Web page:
A data dictionary is a persistent repository of data that are relevant to your model. You can also use the base workspace to store design data that are used by your model during simulation. However, a data dictionary provides more capabilities.
The dictionary stores design data, which define parameters and signals, and include data that define the behavior of the model. The dictionary does not store simulation data, which are inputs or outputs of model simulation that enter and exit Inport and Outport blocks.
|Dictionary as data source||Entries in a dictionary are persistent. You do not need to reload data during development.|
|Explicit data-model linkage||You can define a data dictionary as the data source for a model. During model simulation and code generation, the model retrieves data from the data dictionary.|
|Change tracking||When you modify an entry, its status is updated in the dictionary and stored as metadata that can be tracked. The dictionary also tracks who made the changes and when. You can also view or revert changes.|
|Entry comparison||Compare values of entries in two dictionaries.|
|Data grouping into reference dictionaries||Partition and organize data items into reference dictionaries.|
|Model-data dependency||Discover how entries are used in the model.|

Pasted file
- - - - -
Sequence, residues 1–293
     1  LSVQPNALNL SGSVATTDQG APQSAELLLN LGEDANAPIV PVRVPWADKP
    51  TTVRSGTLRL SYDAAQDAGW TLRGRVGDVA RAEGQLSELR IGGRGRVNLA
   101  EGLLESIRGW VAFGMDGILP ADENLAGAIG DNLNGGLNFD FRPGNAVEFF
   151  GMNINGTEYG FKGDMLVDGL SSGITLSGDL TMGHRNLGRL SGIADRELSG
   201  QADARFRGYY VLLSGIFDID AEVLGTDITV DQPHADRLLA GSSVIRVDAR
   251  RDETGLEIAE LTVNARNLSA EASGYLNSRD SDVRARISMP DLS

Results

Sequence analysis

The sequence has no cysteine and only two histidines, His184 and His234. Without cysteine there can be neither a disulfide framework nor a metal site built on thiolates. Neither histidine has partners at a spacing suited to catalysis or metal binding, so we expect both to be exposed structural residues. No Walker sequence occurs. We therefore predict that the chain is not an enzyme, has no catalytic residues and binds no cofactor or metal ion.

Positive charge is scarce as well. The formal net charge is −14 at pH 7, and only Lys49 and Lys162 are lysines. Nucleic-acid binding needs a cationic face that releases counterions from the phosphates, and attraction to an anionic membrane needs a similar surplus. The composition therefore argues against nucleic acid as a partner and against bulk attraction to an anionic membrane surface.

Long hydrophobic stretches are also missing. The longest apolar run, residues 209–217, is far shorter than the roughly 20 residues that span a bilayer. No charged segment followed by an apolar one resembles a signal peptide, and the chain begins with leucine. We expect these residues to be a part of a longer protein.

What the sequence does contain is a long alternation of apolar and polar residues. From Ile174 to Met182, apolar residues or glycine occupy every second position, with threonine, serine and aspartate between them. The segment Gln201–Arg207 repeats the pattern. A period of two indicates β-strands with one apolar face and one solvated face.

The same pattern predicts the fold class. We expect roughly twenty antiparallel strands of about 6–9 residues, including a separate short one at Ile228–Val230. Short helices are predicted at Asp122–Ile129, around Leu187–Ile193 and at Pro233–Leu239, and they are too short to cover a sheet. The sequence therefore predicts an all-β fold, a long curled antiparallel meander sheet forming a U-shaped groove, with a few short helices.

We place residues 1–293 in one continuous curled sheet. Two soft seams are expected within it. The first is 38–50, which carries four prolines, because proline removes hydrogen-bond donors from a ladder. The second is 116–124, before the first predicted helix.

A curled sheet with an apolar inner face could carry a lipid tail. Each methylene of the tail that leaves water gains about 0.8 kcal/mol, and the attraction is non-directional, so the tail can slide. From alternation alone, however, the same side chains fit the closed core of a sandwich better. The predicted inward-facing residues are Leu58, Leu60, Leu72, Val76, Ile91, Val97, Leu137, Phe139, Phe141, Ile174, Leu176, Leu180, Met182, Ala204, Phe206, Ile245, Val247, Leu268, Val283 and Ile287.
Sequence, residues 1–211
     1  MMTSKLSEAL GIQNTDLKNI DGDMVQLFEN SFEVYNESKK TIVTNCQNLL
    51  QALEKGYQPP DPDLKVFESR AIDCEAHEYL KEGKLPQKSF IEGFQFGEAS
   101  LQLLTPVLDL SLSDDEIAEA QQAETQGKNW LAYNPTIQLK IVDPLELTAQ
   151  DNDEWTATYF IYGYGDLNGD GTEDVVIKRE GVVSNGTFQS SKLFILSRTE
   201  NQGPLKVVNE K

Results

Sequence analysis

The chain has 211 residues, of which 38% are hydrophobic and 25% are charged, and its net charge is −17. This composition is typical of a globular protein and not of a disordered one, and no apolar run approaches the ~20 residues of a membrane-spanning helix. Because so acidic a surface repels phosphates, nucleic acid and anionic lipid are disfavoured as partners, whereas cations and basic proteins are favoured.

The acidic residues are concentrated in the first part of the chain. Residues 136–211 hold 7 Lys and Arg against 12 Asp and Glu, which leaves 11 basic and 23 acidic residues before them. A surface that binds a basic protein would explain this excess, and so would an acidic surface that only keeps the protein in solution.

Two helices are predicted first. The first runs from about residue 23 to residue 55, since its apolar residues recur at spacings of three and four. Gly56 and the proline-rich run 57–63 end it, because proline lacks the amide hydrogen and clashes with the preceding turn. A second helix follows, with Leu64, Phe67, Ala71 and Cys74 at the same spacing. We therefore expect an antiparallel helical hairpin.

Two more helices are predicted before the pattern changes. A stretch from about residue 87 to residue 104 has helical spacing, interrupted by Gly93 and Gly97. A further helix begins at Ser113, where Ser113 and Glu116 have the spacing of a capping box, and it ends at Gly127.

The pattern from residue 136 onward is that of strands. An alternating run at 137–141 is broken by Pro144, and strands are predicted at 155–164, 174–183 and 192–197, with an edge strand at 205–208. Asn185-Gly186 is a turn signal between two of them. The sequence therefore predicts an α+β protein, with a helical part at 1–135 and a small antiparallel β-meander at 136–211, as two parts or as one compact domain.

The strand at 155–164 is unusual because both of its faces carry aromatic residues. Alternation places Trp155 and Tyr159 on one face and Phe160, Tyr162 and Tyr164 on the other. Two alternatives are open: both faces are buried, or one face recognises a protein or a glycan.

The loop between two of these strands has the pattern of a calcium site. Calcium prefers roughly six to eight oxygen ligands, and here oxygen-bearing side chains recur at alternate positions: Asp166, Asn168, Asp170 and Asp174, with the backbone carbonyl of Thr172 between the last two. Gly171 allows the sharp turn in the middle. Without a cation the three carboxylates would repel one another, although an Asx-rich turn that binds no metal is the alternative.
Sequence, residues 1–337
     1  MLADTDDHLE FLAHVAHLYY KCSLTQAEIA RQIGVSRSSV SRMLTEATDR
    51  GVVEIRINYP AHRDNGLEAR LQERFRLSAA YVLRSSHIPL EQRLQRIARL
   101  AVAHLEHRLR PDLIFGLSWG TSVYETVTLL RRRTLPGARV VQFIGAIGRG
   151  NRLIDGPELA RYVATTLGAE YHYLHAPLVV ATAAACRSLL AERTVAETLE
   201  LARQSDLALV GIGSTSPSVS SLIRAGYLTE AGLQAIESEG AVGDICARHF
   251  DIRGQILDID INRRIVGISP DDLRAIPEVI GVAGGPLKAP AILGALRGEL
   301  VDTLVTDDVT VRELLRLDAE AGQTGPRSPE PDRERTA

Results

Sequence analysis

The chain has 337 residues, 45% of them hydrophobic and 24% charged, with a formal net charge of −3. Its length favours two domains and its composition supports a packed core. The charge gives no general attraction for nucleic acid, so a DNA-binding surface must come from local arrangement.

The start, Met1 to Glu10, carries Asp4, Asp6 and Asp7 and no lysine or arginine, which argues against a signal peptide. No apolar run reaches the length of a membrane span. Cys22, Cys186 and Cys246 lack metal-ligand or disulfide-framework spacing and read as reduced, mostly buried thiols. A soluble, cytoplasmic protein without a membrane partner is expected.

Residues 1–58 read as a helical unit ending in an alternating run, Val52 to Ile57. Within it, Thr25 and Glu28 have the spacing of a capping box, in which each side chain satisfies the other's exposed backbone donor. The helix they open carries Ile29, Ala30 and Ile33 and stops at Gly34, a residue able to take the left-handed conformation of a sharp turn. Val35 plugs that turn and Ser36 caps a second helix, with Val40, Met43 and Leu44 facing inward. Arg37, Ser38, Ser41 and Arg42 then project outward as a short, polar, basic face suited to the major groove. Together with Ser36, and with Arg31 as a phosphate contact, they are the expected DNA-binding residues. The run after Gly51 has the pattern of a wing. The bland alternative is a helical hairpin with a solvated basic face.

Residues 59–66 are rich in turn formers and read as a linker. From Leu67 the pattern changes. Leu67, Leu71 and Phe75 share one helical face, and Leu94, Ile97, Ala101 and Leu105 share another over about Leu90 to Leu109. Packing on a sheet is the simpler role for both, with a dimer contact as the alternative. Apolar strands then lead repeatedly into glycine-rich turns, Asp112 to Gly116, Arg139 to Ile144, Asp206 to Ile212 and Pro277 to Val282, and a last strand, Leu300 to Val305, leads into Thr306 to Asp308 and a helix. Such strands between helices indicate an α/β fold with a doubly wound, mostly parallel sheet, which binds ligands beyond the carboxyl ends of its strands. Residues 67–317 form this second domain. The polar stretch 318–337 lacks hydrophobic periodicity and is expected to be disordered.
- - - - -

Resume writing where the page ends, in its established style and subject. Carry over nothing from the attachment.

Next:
|Additional options to remedy a missing variable||When a workspace variable that a model needs is not available, you have additional options for remediation. For example, if you renamed the variable in a dictionary, you can create a new variable by copying the old one.|
|Store and partition reference data||Store and partition data that are relevant to a model, such as equipment specifications, but not used by the model during simulation.|
|Unified interface for defining data||Use the Model Explorer to work with design data in a dictionary.|
|Incremental update in memory||Improved performance and scalability with minimal memory footprint.|
|Requirements traceability linking||Navigate from a data dictionary entry to a location in a requirements document.|
A Simulink data dictionary consists of four sections:
Design Data: Contains the variables and data types that define parameters, signals, and design data that determine the behavior of the model. Design data created or imported in a dictionary are stored in this section.
This section can store only certain classes and data types. See Valid Design Data Classes for more information.
Configurations: Contains configuration sets,
which are objects of the
that determine how the model is configured during simulation. These
objects control attributes such as sample time and simulation start
When you store configuration sets in a data dictionary, you use configuration references to access the configuration sets. Models that are linked to a dictionary resolve configuration references to configuration sets in the dictionary. For more information about configuration references, see About Configuration References.
This section can also store variant configuration objects, which
belong to the
Simulink.VariantConfigurationData class. These objects
store information about variant configurations, active and default
variant settings, and definitions of the control variable associated
with each configuration.